You don't need a grinder and felt wheel in order to keep your knives, gouges, and chisels sharp. Honing with a leather strop charged with a fine compound also keeps them razor sharp. Glue a piece of leather to a flat substrate, like mdf or plywood, and rub a fine grit compound over the surface of the leather. I glued my leather rough side up, but others glue theirs smooth side up.
Slide your knife away from you, with the cutting edge facing you, and keep the blade at the same angle as the bevel. Flip the blade over and pull it towards you, this time with the cutting edge facing away from you. This way you won't gouge the leather. Hone each side of the blade the same number of times.
The lettercarving chisels that I've used for about 12 years have never once touched a waterstone or grinder. I have only ever honed them on a strop and they cut just as well now as the day I bought them. To sharpen a straight chisel, maintain the bevel angle as you slide the chisel towards you, with the cutting edge facing away from you. To hone the back, make sure the chisel is perfectly flat and then follow the same procedure. Always hone each side of the blade the same number of times.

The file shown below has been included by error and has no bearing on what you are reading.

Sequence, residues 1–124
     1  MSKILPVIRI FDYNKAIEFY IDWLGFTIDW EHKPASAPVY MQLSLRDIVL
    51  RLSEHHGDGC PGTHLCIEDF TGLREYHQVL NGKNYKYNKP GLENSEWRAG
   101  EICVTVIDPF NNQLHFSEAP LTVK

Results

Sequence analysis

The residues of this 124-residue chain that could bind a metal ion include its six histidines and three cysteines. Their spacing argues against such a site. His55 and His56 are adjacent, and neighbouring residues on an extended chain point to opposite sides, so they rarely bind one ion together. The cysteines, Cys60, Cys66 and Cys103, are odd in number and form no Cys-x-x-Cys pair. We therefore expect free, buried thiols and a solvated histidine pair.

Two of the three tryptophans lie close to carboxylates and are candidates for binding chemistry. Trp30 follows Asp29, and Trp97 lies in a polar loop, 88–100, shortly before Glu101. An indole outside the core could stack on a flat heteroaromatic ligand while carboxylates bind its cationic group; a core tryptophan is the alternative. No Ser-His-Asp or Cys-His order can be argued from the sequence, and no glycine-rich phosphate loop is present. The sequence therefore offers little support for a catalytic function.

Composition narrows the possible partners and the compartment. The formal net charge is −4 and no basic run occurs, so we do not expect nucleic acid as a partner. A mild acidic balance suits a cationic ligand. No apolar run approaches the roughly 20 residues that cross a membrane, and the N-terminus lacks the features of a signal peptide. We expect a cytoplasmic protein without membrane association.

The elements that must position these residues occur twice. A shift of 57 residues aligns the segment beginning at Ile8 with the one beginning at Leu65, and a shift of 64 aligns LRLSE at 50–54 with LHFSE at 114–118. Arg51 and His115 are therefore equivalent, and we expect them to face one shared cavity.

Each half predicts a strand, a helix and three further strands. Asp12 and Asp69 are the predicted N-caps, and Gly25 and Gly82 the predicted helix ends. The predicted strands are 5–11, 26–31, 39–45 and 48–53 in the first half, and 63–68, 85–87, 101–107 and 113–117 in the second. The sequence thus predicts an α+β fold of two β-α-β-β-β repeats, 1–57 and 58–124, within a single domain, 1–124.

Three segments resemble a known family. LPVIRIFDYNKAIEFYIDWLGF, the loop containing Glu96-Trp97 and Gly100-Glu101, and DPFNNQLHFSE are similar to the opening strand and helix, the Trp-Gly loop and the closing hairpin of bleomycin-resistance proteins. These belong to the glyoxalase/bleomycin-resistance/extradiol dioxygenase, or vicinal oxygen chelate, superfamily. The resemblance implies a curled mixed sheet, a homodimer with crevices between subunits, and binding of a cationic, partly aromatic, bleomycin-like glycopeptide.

To hone a straight gouge, I use a Flexcut SlipStrop, which has pre-formed shapes that match many types of gouges. Charge this with compound and hone the inside of the blade in the same manner as above. Hone the back of a straight gouge, if the sweep is not too extreme, on the flat leather strop, and rock the blade to match the back of the bevel. I lean the blade to the left and slide it, then lean it in the middle and slide it, and then lean it to the right and slide it. All the same number of times as I hone the inside sweep.
For smaller gouges, I sometimes use a piece of leather that I just bend by hand into a curve that matches the inside curve of the gouge.